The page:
Colombo, Aug 21 – Sri Lanka’s Justice Minister Wijeyadasa Rajapaksha is no stranger to controversy. His May 2000 ruling as the head of the quasi legal Press Council should have been reason enough to keep him out of the current cabinet, but the Prime Minister appears to have thought otherwise.
It is unclear if Prime Minister Ranil Wickremesinghe was aware of the landmark decision of Rajapaksha which could be considered a 21st century disgrace to the country.
In deciding on a complaint filed by a gay rights activist against the Island newspaper, Rajapaksha ruled that lesbianism equals sadism and did not think there was anything wrong in calling convicted sexual offenders to “cure” lesbians of their “illness” by raping them.
Hate mail against women who love women had been published by the newspaper in good faith, Rajapaksha ruled. In a bizarre turn of events, he said the male activist who brought the action against the newspaper should be fined 2,100 rupees.
Activist Sherman de Rose complained against an Island publication which advocated rape of lesbians, but Rajapaskha saw it as part of a healthy public discourse in response to a conference lesbian activists were hosting in Colombo.
“Lesbianism is at least an act of gross indecency and unnatural. If people of this country have a right to publish that a conference of lesbians would be held in Colombo, the people have a right to express their opinion either for or against.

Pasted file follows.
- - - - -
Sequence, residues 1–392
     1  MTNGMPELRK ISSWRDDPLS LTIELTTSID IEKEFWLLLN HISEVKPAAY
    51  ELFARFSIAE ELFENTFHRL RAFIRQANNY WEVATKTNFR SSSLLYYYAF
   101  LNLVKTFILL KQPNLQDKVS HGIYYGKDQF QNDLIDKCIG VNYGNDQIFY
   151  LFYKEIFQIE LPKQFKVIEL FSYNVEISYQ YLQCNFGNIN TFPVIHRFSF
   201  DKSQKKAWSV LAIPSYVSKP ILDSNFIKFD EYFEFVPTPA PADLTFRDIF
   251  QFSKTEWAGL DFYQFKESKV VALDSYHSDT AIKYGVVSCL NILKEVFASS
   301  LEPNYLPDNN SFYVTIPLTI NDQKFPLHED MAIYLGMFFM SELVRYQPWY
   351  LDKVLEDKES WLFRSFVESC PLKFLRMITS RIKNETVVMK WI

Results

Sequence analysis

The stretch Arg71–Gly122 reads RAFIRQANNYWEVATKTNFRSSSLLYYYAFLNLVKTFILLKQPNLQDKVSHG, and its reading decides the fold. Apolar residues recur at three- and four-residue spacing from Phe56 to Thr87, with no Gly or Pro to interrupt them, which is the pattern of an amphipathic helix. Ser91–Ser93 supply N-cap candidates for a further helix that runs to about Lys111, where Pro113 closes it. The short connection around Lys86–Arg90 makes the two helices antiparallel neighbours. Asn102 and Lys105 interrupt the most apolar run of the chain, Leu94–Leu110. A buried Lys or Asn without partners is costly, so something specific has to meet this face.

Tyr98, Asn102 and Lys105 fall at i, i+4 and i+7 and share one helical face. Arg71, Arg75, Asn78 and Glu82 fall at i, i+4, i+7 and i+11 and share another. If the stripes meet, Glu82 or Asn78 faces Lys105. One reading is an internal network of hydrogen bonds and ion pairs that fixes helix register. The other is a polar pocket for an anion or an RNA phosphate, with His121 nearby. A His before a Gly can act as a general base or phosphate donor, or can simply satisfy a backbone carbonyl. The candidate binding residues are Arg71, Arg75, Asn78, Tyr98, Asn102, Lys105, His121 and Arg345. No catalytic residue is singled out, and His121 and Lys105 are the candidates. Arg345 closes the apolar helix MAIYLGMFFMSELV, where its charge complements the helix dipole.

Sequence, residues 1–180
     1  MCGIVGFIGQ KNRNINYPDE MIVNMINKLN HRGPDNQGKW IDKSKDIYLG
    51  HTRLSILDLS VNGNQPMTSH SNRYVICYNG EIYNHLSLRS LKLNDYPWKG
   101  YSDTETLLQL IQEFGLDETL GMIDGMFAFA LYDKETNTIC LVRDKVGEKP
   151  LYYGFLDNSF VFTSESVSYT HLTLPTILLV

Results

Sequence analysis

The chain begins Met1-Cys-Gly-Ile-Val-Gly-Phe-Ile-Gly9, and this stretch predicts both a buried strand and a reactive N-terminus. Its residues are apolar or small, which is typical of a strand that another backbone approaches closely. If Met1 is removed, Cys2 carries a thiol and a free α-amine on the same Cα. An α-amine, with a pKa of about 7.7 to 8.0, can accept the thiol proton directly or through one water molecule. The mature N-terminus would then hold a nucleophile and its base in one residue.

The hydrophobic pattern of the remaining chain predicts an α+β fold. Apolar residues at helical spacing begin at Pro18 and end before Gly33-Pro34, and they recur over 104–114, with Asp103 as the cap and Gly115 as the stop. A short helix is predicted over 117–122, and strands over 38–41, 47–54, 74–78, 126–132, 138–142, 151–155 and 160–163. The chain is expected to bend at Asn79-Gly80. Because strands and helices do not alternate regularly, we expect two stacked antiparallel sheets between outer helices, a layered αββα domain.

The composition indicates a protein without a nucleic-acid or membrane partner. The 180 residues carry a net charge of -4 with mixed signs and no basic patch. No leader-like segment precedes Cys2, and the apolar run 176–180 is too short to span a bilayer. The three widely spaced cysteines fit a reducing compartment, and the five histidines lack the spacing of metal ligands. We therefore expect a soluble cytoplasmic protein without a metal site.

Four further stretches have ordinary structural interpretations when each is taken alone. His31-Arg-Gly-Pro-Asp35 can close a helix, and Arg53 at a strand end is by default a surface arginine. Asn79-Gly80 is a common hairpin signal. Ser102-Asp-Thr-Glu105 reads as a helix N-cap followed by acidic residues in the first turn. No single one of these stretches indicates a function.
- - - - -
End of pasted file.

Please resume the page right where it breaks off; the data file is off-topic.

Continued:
“One of the readers of ‘The Island’ namely, P. Alles, states in his article to the editor that he feels it appropriate that for the police to get the convicted rapist to give zest and relish to misguided wretches to understand the reality of natural sexual pleasure than the unnatural sexual activities.
“Probably the writer and publisher may have considered that lesbianism is much more vulnerable and improper than publishing an article condemning the proposed lesbians’ conference,” according to Rajapaksha’s ruling.
He also ruled that de Rose could not make a complaint because he himself was never in danger of being raped as he was a man.
“The complainant in any event is not a female, who can participate in lesbian activities,” Rajapaksha said. “He cannot be subject to any such rape as referred to in the (Island) article and therefore, he cannot be a victim of such violence.” This is Hon. Wijeyadasa Rajapaksha, the minister of Justice in 21st century Sri Lanka.
More than two years after having him in the cabinet, his colleagues are asking for his ouster, not over his homophobia, but failing to prosecute members of the former regime.